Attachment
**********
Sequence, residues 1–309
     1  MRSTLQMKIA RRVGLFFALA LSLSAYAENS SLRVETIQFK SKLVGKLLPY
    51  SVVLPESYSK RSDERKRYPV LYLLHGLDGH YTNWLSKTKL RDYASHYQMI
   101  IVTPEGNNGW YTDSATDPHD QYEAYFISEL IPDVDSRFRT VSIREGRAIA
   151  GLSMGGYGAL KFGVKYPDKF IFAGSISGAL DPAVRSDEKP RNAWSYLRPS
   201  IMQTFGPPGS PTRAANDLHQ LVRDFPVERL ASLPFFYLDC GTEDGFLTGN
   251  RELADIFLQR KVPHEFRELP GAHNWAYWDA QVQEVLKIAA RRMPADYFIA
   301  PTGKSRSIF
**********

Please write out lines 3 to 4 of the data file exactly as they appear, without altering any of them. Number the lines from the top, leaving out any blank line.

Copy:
    51  SVVLPESYSK RSDERKRYPV LYLLHGLDGH YTNWLSKTKL RDYASHYQMI
   101  IVTPEGNNGW YTDSATDPHD QYEAYFISEL IPDVDSRFRT VSIREGRAIA